Will Market Segments Cause Me To Lose Business Opportunities?
The purpose of market segments is to help you design your offers to be compelling and give great value to your customers.
John used lots of examples so let us look at fast food takeaways and see how the market segmentation process works.
Anyone wanting to buy a takeaway meal has the choice between:
- Fish and chips
- Fried chicken
In the market segmentation process, you would look at each of these in turn and decide what matters to the customer who is thinking about buying a pizza, fish and chips etc.
You would then decide if you could provide a good product at a fair price and whether you wanted to compete - i.e. is this a market segment that you can win and is it large enough to produce the profit levels you want?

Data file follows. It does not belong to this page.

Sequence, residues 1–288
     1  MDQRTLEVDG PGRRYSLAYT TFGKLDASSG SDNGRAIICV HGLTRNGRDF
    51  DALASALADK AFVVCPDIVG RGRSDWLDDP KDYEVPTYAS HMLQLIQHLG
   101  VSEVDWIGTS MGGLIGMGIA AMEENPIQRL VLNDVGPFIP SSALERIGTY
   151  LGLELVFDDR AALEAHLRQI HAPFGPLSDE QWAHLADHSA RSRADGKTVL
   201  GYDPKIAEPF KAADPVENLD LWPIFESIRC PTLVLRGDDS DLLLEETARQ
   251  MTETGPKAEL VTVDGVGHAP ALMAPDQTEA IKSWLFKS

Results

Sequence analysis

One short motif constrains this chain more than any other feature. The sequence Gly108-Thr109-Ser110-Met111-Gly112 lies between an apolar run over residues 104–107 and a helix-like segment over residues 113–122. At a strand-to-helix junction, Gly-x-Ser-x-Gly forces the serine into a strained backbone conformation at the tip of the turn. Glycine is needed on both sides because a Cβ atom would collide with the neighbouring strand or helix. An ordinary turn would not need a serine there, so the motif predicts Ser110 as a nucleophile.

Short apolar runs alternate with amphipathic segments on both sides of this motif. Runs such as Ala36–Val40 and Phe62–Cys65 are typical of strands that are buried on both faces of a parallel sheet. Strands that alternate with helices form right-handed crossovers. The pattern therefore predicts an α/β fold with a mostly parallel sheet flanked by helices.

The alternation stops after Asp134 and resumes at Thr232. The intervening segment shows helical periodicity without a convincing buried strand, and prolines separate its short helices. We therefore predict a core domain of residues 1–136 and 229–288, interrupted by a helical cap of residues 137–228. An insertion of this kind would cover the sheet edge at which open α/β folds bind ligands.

Looking at market segments doesn't have to restrict you. For example my local fish and chip shop provides burgers, fried chicken and kebabs as well as fish and chips.
But sometimes competing in one market segment forces compromises in service, quality or image in another market segment. A specialist fish and chip shop like Harry Ramsdens is likely to have a better reputation for its main product.
Other times, customers see an advantage in being able to "one shop stop" so the large family where Mum and Dad want fish and chips, their son wants a kebab and their daughter chicken pieces is drawn to the general fast food supplier.
I wrote about this issue in Choosing Your Generalist or Specialist Niche and it is a fascinating subject which has a profound effect on the way you look at your business. I also looked at the issue in terms of how it affects the size of your market and your conversion rates in Sales & Marketing Funnel
How Do I Design Products For My Market Segment?